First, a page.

Former HK security secretary advocates introducing health code to city

By Chen Qingqing and Bai Yunyi Source:Global Times Published: 2020/5/20 16:14:26


Chinese passengers from Diamond Princess cruise ship receive their air tickets at Haneda International Airport in Tokyo, Japan, February 20, 2020. The first chartered flight arranged by China's Hong Kong Special Administrative Region (HKSAR) government arrived in Hong Kong, bringing 106 Hong Kong residents stranded on the novel coronavirus-inflicted Diamond Princess cruise ship back from Japan. Photo: Xinhua

Hong Kong could learn from the Chinese mainland and introduce color health codes to monitor residents' health in order to allow movement during the COVID-19 epidemic and share relevant information with the mainland to ease border controls, said a political adviser on Wednesday. 

Lai Tung-kwok, a former secretary for security of the Hong Kong government and member of the Chinese People's Political Consultative Conference National Committee, told the Global Times. 

This comes after Hong Kong Special Administration Region (HKSAR) government Health Secretary Sophia Chan earlier suggested that the SAR is discussing mutual recognition of quarantine measures and virus testing for COVID-19 with adjacent Guangdong Province and Macao SAR, according to media reports. 

Some sources close to the matter suggested that border controls would be further eased by June, with relaxed customs prevention and control measures, allowing some citizens to be exempted from 14-day entry quarantine. 

The health code used on smartphones in the mainland is very convenient, and helps track confirmed patients and their close contacts, Lai said, noting that as many Hong Kong residents need to travel to the mainland for business and vice versa, the opening of land borders will require cautious arrangements to ensure health and safety of people on both sides.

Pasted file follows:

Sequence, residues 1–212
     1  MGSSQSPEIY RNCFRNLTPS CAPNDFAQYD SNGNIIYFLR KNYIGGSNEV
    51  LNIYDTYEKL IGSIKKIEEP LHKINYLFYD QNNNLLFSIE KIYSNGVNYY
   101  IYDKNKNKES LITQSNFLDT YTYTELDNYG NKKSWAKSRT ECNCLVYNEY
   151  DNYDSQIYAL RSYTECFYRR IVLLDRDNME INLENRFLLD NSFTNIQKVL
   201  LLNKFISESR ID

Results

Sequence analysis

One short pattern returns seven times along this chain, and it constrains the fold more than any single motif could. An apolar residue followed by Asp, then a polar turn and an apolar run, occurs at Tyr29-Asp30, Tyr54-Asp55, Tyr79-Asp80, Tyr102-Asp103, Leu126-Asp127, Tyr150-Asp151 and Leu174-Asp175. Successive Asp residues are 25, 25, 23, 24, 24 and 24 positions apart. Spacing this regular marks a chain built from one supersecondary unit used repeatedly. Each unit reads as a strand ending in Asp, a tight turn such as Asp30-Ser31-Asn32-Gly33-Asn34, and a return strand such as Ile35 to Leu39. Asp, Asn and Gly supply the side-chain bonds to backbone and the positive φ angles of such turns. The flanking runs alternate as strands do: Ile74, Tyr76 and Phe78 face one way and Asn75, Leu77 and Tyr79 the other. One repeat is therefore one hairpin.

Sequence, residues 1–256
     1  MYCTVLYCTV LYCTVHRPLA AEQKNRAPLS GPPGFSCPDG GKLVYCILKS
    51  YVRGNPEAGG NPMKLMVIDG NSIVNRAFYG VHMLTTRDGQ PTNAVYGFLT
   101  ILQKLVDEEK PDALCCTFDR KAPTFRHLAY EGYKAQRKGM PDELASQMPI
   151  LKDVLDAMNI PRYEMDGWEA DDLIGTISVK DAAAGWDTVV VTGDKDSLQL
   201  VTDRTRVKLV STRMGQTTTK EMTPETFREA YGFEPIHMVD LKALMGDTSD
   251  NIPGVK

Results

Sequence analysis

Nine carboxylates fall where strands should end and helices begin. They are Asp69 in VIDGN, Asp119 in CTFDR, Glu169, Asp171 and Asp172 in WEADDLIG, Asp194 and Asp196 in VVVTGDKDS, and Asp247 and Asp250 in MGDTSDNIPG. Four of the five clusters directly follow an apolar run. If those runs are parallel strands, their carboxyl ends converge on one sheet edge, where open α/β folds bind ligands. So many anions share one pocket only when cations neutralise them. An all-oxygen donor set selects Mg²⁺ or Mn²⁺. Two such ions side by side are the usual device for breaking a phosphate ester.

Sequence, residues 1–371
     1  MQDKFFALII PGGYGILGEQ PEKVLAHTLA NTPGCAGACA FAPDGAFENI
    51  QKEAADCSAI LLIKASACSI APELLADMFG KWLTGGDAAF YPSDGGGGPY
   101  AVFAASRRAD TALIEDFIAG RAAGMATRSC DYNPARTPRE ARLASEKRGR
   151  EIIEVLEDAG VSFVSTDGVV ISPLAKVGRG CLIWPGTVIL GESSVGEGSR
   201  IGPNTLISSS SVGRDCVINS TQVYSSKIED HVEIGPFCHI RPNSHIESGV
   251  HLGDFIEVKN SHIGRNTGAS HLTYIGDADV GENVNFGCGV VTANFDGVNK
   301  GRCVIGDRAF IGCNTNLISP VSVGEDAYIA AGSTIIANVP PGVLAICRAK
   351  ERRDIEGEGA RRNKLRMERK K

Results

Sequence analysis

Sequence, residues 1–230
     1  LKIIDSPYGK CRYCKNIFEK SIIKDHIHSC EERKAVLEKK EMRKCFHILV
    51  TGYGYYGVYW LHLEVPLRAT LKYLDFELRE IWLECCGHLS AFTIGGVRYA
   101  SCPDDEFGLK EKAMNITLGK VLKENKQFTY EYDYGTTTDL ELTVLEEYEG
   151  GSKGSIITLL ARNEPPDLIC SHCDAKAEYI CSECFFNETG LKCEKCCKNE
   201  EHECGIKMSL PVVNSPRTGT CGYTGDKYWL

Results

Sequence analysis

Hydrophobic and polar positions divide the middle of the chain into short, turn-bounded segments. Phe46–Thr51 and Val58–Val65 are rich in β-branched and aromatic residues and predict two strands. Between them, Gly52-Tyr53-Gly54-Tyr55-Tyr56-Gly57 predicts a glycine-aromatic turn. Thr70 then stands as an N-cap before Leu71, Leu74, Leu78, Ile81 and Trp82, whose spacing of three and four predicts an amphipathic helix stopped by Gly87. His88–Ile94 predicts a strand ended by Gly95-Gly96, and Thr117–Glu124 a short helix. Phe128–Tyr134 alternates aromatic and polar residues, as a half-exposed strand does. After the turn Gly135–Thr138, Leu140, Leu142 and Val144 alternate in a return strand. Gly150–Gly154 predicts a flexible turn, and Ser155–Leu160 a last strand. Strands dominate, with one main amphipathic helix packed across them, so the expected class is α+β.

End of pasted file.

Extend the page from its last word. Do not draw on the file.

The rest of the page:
"I think it's a good direction to promote health codes in Hong Kong," he said, suggesting that the HKSAR government might consider mutual recognition of code information with the mainland when it is ready. 

The health code has been an important part of strict prevention and control measures for the Chinese mainland while reopening its economy, which includes personal information such as identity, travel history and location of residence. When citizens show a green health code on their smartphones, they can prove that they have not been exposed to COVID-19. 

Hong Kong residents have not used such health codes in monitoring people's movements during the epidemic, Victor Chan, a local resident in Hong Kong, told the Global Times on Wednesday, raising concerns that pan-democratic groups would hype the matter as it would mean sharing some of local residents' information with the mainland, a move seen as an intrusion on their privacy.  

However, such a proposal has not been officially discussed yet, according to Lai, so there is no concrete process for coming up with a detailed plan. 

"I support sharing information with the mainland, as long as the plan protects personal privacy," Witman Hung Wai-man, who is a National People's Congress deputy from Hong Kong, told the Global Times on Wednesday. 


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